We present two general approaches to obtain the strong converse exponent of simple quantum hypothesis testing for correlated quantum states. One approach requires that the states satisfy a certain factorization property; typical examples of such states are the temperature states of translation-invariant finite-range interactions on a spin chain. The other approach requires the differentiability of a regularized Rényi α-divergence in the parameter α; typical examples of such states include temperature states of non-interacting fermionic lattice systems, and classical irreducible Markov chains. In all cases, we get that the strong converse exponent is equal to the Hoeffding anti-divergence, which in turn is obtained from the regularized Rényi divergences of the two states.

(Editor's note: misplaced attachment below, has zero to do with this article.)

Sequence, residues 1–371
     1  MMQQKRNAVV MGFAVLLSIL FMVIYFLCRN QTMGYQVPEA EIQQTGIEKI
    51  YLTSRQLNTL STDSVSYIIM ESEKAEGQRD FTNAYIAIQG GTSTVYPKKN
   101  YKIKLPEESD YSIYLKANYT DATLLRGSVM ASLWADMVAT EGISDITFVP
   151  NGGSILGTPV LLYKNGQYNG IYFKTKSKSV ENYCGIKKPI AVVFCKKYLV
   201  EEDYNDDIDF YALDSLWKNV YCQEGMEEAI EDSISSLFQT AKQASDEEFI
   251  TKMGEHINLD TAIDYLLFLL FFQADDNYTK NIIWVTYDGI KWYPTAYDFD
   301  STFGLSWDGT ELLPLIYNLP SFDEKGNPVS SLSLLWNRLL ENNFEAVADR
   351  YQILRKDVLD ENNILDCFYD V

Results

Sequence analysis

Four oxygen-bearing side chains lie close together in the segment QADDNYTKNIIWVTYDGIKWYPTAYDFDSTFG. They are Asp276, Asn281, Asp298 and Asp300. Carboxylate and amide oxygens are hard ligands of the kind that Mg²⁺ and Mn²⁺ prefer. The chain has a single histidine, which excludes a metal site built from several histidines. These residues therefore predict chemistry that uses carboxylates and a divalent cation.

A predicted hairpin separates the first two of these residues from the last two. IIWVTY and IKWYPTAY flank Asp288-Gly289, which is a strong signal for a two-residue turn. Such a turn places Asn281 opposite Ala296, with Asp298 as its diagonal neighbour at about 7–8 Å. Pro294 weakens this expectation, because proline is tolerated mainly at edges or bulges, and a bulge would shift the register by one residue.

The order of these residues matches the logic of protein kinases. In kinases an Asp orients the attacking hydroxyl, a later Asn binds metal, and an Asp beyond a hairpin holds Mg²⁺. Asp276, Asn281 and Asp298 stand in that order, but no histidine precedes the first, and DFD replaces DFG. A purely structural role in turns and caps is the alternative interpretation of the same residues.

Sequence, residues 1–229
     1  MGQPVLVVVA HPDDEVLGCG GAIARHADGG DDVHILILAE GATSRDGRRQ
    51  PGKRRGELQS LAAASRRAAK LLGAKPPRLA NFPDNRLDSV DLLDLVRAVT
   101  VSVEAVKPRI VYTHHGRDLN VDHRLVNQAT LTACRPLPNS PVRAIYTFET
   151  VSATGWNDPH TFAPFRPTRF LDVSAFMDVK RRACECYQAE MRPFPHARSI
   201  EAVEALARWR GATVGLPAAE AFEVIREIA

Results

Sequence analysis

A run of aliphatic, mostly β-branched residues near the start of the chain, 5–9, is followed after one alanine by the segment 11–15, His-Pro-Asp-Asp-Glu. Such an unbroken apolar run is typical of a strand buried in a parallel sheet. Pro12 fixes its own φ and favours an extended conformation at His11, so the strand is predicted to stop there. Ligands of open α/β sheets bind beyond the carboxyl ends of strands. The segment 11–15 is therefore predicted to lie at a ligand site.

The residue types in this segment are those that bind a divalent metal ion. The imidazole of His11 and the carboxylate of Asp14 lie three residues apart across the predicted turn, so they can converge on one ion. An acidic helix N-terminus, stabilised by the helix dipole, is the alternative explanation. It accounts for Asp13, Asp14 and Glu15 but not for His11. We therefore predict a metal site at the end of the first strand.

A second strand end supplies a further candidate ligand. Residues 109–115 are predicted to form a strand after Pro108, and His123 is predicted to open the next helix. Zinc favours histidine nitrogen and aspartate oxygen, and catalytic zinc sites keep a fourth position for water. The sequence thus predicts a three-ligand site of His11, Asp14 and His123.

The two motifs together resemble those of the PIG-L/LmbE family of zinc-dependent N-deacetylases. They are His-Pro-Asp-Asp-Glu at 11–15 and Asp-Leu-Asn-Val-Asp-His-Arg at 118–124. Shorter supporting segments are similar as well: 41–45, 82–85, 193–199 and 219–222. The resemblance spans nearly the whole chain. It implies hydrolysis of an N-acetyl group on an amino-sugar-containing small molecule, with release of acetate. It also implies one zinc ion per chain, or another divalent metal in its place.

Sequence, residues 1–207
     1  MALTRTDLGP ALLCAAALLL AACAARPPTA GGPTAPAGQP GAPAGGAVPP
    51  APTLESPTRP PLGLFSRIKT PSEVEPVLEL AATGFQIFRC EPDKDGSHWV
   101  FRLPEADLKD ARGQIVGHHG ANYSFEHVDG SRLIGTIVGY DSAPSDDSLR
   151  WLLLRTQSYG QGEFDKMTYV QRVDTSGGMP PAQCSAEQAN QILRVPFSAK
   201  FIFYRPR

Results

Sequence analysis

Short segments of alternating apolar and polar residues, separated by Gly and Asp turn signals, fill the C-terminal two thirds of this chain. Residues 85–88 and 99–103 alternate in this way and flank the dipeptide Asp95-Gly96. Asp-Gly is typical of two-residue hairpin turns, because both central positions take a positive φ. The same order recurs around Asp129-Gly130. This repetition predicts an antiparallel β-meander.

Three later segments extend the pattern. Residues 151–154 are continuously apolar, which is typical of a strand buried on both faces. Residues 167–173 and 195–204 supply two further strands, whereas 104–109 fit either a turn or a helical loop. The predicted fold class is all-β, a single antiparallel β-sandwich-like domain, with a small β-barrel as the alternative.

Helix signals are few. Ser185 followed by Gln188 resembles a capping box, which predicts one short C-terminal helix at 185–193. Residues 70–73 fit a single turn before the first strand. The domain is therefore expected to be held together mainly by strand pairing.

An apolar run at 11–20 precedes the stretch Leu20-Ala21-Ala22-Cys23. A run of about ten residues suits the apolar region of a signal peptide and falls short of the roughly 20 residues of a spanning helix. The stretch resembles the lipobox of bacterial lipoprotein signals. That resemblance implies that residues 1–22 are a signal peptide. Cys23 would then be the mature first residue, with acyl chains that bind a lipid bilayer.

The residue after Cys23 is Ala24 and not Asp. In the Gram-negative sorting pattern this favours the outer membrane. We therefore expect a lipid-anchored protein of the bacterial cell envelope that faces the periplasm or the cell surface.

- Hypothesis testing
- Rényi divergences
- correlated quantum states
ASJC Scopus subject areas
- Information Systems
- Computer Science Applications
- Library and Information Sciences